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Moody’s turns up the heat on ‘riskiest’ sectors for attacks • The Register | #malware | #ransomware | #hacking | #aihp


About $22 trillion of global debt rated by Moody’s Investors Service has “high,” or “very high” cyber-risk exposure, with electric, gas and water utilities, as well as hospitals, among the sectors facing the highest risk of cyberattacks.

That’s more than one-quarter (28 percent) of the $80 trillion in Moody’s rated debt across 71 global sectors, and it represents a $1 trillion jump from the firm’s 2019 numbers, according to the credit rating biz.

For its Cyber Heatmap, Moody’s looks at two factors, exposure and mitigation, and weighs both across all of the sectors it rates. 

Exposure includes the industry’s “systemic role” — its attractiveness as a target from an attacker’s perspective looking to trigger maximum disruption, along with its interconnectedness to other sectors — and “digitatization” or its digital footprint, which expands the potential attack surface. 

Mitigation includes perimeter vulnerability, basic cybersecurity practices and estimated financial losses. In determining perimeter vulnerability, Moody’s takes into account at-risk open ports and patching cadence, which it gleans from data and metrics provided by cyber-ratings company BitSight, of which Moody’s owns a minority stake.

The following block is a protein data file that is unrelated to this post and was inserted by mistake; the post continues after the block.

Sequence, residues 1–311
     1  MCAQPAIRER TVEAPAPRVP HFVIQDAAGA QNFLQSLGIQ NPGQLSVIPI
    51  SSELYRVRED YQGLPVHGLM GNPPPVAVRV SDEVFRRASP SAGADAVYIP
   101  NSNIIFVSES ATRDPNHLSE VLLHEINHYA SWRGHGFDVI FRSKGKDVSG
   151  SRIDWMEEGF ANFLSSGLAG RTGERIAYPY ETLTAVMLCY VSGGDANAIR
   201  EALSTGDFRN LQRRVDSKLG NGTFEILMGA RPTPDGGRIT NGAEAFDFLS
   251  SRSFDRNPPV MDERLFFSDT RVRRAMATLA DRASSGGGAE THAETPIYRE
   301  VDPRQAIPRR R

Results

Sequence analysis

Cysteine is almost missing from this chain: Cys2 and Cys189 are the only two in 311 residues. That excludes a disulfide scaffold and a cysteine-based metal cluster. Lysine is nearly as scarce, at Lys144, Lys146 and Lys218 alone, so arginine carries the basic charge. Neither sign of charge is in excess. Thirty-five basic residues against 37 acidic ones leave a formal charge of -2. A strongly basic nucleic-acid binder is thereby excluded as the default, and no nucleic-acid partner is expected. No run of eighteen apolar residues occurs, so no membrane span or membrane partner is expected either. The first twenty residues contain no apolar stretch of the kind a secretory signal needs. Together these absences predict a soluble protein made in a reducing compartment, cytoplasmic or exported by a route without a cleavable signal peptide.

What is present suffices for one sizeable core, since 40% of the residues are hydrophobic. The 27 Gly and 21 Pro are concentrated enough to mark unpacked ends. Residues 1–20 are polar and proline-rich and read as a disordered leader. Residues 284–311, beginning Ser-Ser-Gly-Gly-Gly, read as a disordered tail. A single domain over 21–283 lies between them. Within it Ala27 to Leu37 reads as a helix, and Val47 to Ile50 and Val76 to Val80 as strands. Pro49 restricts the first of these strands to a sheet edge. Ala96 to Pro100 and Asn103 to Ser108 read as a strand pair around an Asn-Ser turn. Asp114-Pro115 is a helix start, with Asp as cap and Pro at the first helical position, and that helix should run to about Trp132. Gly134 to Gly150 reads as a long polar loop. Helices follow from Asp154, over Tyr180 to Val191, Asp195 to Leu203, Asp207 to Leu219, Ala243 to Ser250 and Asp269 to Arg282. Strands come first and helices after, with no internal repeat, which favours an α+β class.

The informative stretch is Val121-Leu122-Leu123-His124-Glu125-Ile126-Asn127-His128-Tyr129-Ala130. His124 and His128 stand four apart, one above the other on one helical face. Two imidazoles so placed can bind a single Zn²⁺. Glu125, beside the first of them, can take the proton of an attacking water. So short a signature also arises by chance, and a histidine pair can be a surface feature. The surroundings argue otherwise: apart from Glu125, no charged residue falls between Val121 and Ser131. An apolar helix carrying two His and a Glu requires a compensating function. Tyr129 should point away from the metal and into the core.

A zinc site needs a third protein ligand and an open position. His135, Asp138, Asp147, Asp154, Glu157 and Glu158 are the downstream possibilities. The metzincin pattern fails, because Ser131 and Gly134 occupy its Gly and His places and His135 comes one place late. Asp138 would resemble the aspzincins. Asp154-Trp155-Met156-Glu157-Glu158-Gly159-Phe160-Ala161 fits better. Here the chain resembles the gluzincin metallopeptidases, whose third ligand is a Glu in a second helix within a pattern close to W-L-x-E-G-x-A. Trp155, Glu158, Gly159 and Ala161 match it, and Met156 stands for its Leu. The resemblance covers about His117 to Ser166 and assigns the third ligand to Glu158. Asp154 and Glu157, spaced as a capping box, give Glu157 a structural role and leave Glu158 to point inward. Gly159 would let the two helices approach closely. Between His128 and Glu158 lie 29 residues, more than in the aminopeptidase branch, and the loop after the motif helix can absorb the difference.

“Poor patching cadence, for example, is strongly correlated with a significantly higher risk of ransomware,” BitSight chief risk officer Derek Vadala said in a statement.

Based on exposure and mitigation, Moody’s scores each of the 71 sectors and rates them “low,” “moderate,” “high” or “very-high risk.” According to this year’s Heatmap, and perhaps unsurprisingly, utilities rated the highest for cyber risk.

This sector, with $2.5 billion collective debt rated by Moody’s, includes regulated and self-regulated electric utilities with generation, electricity and gas transmission and distribution businesses, unregulated electric and power companies, and water and wastewater operations. As Moody’s noted, “this does not mean the issuers within these sectors have weak cybersecurity practices.”

Instead, it’s more about the “multiplier effect across an economy,” according to the report. For example, a cyberattack that knocks a regional power grid offline will impact more than just the utility itself, with potentially devastating consequences for hospitals that can’t perform life-saving surgeries or access critical medicine for patients, or assisted living centers that can’t turn on heat or air conditioning for their elderly residents in the middle of a heat wave or cold snap.

This, of course, is what makes critical infrastructure so attractive for cybercriminals looking to inflict maximum damage, as seen by the seemingly constant barrage of government warnings about nation-state threat groups targeting power and infrastructure facilities.

Not-for-profit hospitals also ranked “very high” in terms of their cyber risk. “We view not for profit hospitals as being highly attractive, data rich targets with average mitigation measures in place to reduce the impact of a potential cyber event,” according to Moody’s. The rise in ransomware attacks against hospitals and healthcare organizations support this finding.

High-risk sectors include banks, technology, telecommunications and midstream energy, while the Heatmap lists advanced economy and emerging countries, regional and local governments, manufacturing, retail and apparel, and integrated oil as moderate-risk. 

Finally, low-risk sectors include structured finance, real estate, independent exploration and production, mining, and public-sector housing. ®

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